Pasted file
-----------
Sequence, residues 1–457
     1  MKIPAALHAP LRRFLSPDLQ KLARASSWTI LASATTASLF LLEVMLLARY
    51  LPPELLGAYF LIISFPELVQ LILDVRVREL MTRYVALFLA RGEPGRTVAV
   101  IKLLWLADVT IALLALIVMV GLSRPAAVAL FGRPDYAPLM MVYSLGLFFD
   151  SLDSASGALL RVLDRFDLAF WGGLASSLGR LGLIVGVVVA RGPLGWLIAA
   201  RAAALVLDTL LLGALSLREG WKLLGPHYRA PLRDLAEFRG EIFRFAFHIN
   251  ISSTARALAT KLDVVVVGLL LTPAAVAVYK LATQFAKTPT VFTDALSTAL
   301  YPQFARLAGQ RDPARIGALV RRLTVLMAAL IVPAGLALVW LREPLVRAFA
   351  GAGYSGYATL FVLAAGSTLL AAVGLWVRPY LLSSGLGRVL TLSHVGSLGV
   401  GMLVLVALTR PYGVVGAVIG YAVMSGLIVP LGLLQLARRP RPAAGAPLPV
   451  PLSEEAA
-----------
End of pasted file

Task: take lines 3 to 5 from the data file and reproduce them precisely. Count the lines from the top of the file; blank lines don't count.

    51  LPPELLGAYF LIISFPELVQ LILDVRVREL MTRYVALFLA RGEPGRTVAV
   101  IKLLWLADVT IALLALIVMV GLSRPAAVAL FGRPDYAPLM MVYSLGLFFD
   151  SLDSASGALL RVLDRFDLAF WGGLASSLGR LGLIVGVVVA RGPLGWLIAA